Rays of hope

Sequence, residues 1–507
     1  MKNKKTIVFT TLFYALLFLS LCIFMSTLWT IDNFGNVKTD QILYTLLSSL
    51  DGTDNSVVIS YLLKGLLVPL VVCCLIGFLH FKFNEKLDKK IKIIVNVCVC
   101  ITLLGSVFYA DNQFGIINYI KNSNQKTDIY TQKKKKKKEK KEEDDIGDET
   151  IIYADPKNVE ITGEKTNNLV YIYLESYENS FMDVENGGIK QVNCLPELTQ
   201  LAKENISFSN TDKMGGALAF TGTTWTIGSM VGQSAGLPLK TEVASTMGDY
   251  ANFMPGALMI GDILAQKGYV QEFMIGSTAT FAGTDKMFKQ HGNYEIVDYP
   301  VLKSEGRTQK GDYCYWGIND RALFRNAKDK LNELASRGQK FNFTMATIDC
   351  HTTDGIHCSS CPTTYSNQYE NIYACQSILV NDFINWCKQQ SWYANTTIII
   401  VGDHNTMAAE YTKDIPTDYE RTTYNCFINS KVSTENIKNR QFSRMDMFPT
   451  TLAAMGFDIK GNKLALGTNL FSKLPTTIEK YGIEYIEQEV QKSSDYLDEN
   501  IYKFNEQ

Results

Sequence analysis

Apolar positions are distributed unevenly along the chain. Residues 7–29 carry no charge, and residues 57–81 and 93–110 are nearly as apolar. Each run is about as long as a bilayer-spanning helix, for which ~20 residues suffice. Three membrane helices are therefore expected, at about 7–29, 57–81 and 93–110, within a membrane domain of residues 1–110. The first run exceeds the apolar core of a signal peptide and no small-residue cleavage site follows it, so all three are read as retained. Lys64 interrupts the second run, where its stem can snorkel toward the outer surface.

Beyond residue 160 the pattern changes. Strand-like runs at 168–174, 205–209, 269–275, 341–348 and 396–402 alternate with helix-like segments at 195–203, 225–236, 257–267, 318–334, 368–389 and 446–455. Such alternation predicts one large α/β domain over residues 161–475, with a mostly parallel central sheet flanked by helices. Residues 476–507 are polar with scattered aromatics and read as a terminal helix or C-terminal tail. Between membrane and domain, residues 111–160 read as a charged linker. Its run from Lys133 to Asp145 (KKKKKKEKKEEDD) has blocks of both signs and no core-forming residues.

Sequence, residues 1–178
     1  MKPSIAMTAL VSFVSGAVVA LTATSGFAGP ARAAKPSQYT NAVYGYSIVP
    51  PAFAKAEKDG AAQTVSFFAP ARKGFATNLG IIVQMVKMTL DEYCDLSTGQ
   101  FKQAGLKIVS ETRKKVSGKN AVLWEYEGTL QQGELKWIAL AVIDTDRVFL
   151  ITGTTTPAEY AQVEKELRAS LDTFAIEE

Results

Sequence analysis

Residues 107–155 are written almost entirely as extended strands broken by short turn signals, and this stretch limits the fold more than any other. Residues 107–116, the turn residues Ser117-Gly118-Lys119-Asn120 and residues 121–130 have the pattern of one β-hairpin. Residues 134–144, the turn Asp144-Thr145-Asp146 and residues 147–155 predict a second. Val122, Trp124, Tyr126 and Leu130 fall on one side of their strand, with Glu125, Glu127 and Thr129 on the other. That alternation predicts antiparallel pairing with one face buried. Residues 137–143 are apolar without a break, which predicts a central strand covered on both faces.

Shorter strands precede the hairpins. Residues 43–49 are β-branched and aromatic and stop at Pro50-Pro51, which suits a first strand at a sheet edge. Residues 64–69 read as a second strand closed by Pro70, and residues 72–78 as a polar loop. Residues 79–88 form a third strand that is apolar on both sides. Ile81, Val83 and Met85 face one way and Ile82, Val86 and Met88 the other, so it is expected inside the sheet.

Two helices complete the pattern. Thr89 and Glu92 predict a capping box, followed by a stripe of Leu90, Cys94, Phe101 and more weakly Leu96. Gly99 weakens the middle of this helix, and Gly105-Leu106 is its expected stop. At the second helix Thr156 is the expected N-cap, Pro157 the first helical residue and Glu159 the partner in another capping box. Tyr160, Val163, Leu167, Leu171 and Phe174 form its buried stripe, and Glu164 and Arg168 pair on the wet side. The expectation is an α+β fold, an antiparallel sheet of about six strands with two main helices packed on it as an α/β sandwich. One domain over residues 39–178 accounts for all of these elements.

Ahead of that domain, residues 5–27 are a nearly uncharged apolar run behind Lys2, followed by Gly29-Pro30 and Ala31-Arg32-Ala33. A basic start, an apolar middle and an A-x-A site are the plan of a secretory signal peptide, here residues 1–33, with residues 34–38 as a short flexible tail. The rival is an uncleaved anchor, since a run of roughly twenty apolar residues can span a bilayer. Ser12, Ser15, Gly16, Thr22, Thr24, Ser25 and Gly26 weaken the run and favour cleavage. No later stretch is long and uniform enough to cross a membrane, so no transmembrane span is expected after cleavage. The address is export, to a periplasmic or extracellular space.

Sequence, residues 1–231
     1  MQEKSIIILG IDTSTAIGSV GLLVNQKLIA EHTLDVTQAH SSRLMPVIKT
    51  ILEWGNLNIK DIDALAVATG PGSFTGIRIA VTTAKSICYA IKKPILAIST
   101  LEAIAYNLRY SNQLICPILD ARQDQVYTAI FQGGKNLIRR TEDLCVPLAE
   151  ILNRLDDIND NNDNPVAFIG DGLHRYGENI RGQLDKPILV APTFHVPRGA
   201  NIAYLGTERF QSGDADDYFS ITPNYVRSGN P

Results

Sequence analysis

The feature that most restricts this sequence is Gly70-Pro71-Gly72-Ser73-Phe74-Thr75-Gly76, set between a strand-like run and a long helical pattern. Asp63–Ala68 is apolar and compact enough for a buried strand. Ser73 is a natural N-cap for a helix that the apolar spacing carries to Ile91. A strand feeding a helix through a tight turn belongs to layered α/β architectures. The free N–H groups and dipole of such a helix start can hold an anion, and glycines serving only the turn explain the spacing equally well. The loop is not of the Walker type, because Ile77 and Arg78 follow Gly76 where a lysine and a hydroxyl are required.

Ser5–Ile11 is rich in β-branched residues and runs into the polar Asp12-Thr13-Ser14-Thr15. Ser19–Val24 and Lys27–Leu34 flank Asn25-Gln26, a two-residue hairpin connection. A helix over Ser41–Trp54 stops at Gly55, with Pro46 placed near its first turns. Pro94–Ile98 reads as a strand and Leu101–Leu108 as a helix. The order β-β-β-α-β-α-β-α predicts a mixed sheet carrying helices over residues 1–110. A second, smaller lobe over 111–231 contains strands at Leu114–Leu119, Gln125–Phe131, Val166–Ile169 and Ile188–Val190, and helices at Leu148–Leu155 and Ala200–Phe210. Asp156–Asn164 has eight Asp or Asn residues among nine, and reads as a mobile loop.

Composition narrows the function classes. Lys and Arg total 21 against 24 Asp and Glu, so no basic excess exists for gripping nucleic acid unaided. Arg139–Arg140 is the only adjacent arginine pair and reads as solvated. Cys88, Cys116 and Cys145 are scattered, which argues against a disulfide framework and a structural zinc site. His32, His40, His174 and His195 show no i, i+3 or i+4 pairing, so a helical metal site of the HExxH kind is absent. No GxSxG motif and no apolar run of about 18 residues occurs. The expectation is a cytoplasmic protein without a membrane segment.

1. Joe Nedney: Just call him Joe the Toe, the veteran kicker who was so good that coaches voted him as the 49ers' co-MVP above every other offensive player on the team. And that made perfect sense, since Nedney scored all of the 49ers' points in seven games this season and had an amazing stretch over five games when he scored 43 consecutive San Francisco points. In other words, Nedney was the San Francisco offense for more than a month. A native of nearby San Jose, he also brought a refreshing attitude to the locker room and clearly wants to finish his career as a 49er. That shouldn't be a problem, since Nedney scored 67 more points than any other player on the team, made each of his field-goal attempts from between 40 to 49 yards, booted a team-record 56-yarder and finished 26 of 28 to set a new franchise record for field-goal percentage (92.9). The 49ers haven't had a kicker this good since Jeff Wilkins was allowed to skip town a decade ago. 2. Bryant Young: Many were putting this proud veteran out to pasture a few years ago, but that kind of thinking obviously was premature. At age 33, Young has looked as good as ever, and the new life he has found in the twilight of his career suggests he has another season or two at top level left in the tank. Young would have been headed to his fifth Pro Bowl in 2005 if a knee injury in San Francisco's 10th game didn't abruptly halt his charge. Most players would have missed the rest of the season with the kind of ligament damage Young sustained, but he came back and played the final three games on a bum knee. San Francisco's final link to its last Super Bowl team of 1994, Young offers a rare breed of soft-spoken leadership, and he already has said he wants to return next year for his 13th season as a 49er. Get excited, folks. 3. Frank Gore: When's the last time the 49ers had a running back like the explosive rookie from the University of Miami? Well, his name is Garrison Hearst, and we all know what Hearst did during his heyday with the 49ers, producing three 1,000-yard seasons and a team-record 1,570 yards rushing in 1998. Gore's style reminds many of Hearst, and his production is starting to also. Kevan Barlow was a much better back from 2001-2003 when he had Hearst around to share carries with. Maybe Gore will have that same effect. 4. Mike Nolan: Yeah, that's right, Nolan still is The Man in San Francisco. His debut season as a NFL head coach was a little shaky, but Nolan always could be counted upon to stand firm amid all the rumblings around him. Everybody must realize it was a learning season for Nolan, too, and it's difficult not to believe this disciplined, organized individual won't make the most of his tough 2005 lessons to the betterment of both him and the 49ers. 5. That young offensive line: For a unit that was beleaguered and criticized for much of the season – and rightly so – San Francisco's offensive line sure came out looking good at the end of the year. Now, after two seasons of struggling mightily in one of the game's most important areas, the 49ers might actually be developing one of the NFL's better young lines as they move forward. Rookies Adam Snyder and David Baas are keepers who look like solid starters if not potential impact forces, Eric Heitmann has made himself into a quality NFL player and Justin Smiley is kicking in as a significant contributor who's beginning to display his upside. If veteran Jonas Jennings and two-time Pro Bowler Jeremy Newberry can make it all the way back from season-ending injuries, the Niners already could have in place a line that can steer the back toward the top. 6. Brandon Lloyd's five-finger leaping grabs: Say what you will about Lloyd, but he is one reason to never leave your seat during 49ers games because of what he might do when a football comes floating in his vicinity. Lloyd is not exactly a physical presence at receiver, but you won't find a player in the NFL today who can vault his body into the air and make the kind of acrobatic catches Lloyd brings down at least once every couple of games. And he also can do it with one hand, reeling in several receptions this season on passes thrown above and behind him that could only be made with five fingers. 7. Scot McCloughan: He stays in the background, but the team's 34-year-old vice president of player personnel is playing a huge role in building the 49ers from the ground up. He is San Francisco's primary eye of talent evaluation, and his first draft with the team looked better and better as the season reached its climax. But even more impressive was his ability to find fringe free agents who could actually come in off the street and fill gaps to prevent the 49ers from completely falling apart. It's encouraging to think what McCloughan will do with all those 2006 draft picks and all that 2006 salary cap space now that he's a year entrenched in the job. 8. Rugged insiders: Before Jeff Ulbrich was hurt in Week 5, he and Derek Smith were quickly becoming a stalwart duo in the middle of the team's new 3-4 defensive scheme. Ulbrich was among the NFL leaders in tackles before tearing a biceps muscle, and Smith went on without him to record one of his finest seasons as a pro, leading the 49ers for the fifth consecutive season with 163 tackles, his third consecutive year of 160 tackles or more. Smith deserved Pro Bowl recognition for his tremendous season, but had to settle for team co-MVP honors instead. 9. Development of future depth: There was a silver lining to all those injuries that landed 11 players – seven of them key starters – on injured reserve before the season was over. It allowed the 49ers to identify young players who could step up to the challenge of replacing those starters while keeping the team competitive at the same time. Some of these guys might not be front-line starting talent as the team moves forward, but they got valuable experience and could provide the 49ers with the layer of quality depth in the future that every NFL team needs to be successful. 10. Survival: You've got to hand it to the 49ers. They held together and made it through this most turbulent season without completely falling apart, ending on a high note when that hardly seemed possible after five- and seven-game losing streaks. That kind of survival under adverse conditions and circumstances builds thick skin and gives teams the toughness and tenacity needed to survive in today's NFL. Resilience be thy name, 49ers.